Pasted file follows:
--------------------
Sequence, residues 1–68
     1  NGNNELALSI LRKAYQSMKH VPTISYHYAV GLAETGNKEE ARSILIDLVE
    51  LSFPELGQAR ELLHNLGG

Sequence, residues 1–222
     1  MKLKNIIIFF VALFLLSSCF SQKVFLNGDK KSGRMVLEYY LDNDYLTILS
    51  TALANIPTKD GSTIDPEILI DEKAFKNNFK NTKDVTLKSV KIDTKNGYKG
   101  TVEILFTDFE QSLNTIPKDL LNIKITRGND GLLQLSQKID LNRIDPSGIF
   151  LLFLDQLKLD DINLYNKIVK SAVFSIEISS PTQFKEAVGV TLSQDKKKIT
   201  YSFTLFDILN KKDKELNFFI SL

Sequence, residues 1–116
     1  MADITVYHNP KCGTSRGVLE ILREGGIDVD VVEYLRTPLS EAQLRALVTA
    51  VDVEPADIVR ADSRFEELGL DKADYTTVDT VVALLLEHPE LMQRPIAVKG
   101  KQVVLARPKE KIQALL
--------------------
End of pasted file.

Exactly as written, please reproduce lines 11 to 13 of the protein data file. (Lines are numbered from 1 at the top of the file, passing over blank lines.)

     1  MADITVYHNP KCGTSRGVLE ILREGGIDVD VVEYLRTPLS EAQLRALVTA
    51  VDVEPADIVR ADSRFEELGL DKADYTTVDT VVALLLEHPE LMQRPIAVKG
   101  KQVVLARPKE KIQALL